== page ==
neurons, extremely invasive.
• Connectionist Models/Connectionism
o Knowledge is links between neurons
o Neural Networks
When you learn, you strengthen links
Hebb’s rule: Neurons that fire together wire together
o Simultaneous firing: Parallel Distributed Processing
o Serial Processing: one at a time
Chapter 3: Perception
o Hoffding function: when an experience makes contact with a memory.
o Feature detection theory; preattentive and bottom up.
Recognition by components (geons)
• Perception requires recoverability • Perception is view independent
o Template Matching
Distinguishes between categories that have many common features
Templates are stored in memory, either as prototypes or specific
Multiple Trace Memory Model
• Primary Memory▯probe▯secondary memory
• A prototype approach to template matching. Describes how
an experience is matched to prototype and how the
prototype is made.
• Extraction of generalities (gists)
o Impairment of Recognition
• Apperceptive (cannot perceive object features)
• Associative (cannot name or recognize object features)
• Dissociates from optic ataxia
• Prosopagnosia (face blindness)
• Capgras’ Syndrome (Dissociation of emotion from facial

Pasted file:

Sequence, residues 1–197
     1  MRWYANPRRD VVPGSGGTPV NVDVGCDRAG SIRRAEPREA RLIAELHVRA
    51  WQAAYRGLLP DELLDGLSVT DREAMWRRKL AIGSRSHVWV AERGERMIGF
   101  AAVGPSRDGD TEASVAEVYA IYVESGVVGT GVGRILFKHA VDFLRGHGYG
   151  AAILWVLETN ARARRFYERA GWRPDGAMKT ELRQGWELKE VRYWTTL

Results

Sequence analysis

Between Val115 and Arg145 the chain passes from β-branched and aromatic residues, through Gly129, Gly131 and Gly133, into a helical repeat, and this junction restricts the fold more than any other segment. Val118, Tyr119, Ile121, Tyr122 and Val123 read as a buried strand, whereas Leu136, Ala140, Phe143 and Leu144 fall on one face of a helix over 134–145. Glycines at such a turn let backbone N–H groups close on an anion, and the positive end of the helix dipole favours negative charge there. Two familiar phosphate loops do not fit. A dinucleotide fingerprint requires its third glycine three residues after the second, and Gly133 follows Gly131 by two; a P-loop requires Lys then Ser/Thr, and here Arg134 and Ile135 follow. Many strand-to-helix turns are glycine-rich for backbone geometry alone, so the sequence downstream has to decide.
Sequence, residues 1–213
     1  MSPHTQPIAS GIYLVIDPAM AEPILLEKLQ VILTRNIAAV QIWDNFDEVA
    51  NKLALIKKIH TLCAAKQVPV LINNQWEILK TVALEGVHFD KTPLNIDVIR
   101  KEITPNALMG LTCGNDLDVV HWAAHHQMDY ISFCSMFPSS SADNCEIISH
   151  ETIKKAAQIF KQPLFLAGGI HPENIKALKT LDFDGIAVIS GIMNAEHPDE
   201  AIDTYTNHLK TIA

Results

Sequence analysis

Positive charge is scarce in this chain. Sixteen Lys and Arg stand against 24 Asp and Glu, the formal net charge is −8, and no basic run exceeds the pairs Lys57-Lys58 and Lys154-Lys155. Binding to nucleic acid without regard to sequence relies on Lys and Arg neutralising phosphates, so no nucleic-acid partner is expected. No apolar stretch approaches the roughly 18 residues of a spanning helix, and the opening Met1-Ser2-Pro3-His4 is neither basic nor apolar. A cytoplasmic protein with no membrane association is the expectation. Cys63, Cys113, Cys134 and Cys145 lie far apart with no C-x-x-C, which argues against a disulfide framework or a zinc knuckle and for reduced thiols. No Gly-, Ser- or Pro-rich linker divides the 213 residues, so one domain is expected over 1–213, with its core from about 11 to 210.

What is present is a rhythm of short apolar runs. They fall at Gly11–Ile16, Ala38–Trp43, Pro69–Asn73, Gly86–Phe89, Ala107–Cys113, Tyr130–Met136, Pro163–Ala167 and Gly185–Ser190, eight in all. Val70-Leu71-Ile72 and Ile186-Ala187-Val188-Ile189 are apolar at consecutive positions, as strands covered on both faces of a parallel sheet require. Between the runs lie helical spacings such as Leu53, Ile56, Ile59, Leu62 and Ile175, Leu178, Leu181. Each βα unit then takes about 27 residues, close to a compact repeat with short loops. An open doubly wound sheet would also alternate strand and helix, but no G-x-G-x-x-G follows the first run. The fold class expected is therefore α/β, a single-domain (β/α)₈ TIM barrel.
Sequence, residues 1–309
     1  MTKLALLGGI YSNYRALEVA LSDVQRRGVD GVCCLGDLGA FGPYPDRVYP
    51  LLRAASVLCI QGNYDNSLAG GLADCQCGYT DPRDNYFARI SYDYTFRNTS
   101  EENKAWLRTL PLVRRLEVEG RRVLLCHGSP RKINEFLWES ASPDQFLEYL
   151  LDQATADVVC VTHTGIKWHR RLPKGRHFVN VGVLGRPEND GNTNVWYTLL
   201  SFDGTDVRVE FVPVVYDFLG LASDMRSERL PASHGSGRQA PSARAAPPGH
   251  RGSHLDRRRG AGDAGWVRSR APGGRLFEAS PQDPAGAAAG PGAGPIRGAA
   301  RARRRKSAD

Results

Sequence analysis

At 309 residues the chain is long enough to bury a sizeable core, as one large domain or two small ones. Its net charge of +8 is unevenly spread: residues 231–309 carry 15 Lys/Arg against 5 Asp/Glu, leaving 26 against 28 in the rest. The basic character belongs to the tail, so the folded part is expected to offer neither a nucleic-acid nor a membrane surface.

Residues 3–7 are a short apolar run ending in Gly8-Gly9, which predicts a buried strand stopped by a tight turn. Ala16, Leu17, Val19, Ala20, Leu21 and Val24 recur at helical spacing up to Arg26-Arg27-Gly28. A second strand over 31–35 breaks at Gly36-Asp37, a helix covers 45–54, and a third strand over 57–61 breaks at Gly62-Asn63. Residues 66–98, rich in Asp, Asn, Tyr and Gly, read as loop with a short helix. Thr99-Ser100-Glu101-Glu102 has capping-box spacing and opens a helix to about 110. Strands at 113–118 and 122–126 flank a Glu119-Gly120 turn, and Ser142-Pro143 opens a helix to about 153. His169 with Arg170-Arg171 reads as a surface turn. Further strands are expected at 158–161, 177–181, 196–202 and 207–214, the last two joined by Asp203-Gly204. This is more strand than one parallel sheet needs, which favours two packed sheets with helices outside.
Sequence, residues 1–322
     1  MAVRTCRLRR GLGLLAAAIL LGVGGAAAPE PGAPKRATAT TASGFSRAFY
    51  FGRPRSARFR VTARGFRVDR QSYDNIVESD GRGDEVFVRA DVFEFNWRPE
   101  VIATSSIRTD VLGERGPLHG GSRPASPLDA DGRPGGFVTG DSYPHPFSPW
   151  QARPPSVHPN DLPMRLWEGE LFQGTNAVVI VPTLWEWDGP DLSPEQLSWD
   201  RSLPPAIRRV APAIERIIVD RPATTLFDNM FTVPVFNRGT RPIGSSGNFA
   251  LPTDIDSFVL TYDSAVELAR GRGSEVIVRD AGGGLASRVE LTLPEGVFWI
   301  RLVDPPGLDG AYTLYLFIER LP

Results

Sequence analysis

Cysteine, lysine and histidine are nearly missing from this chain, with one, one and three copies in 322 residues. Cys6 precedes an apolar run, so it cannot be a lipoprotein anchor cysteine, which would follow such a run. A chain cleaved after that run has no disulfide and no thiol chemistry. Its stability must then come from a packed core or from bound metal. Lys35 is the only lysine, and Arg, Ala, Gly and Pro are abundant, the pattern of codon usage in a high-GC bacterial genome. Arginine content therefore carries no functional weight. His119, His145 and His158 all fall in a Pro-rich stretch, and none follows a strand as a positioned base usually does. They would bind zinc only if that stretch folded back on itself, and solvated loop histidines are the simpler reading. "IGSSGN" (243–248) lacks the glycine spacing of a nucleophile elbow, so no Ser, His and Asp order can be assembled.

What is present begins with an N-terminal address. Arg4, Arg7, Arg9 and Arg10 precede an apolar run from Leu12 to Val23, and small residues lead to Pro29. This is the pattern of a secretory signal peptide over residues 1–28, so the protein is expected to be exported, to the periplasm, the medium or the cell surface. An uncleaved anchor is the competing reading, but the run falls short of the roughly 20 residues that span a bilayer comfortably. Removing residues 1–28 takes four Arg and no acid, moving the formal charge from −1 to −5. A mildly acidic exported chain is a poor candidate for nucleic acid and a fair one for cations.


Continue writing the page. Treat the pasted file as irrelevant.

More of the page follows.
stimuli, that leads you to believe your family and friends
have been replaced by imposters).
o Perception depends on attention
Conscious perception requires attention
o Context and knowledge
• Apparent distance theory
• Angle of regard theory
Empirical theory of color vision
Neurons are well connected and can affect one another
Cognitive systems are well connected
• Perception interacts with attention and memory
Vision doesn’t have to be perfect!
• Our brains fill in the missing information to give us the
illusion that we are seeing the whole picture
o Grand illusion of perception Accounts for our visual and perceptual flaws.
Light comes from above, objects are color constant, objects sit on
top of one another (respect the rules of physics) and objects remain
the same size.
Whole>Parts (Emergence and reification)
However, like most heuristics they don’t always work, especially
because Gestalt principles only work in ceteris parabis.
• Highly simplified stimuli (such as those in Gestalt
psychology and the laboratory) don’t capture the complete
• Gibson’s theory of ecological optics (bottom up approach).
Chapter 4: the Varieties of Attention
Attention is hard to definte
o 3 metaphors
200 m lens (Erikson)
• Space based models of attention
o Select some information and ignore irrelevant stuff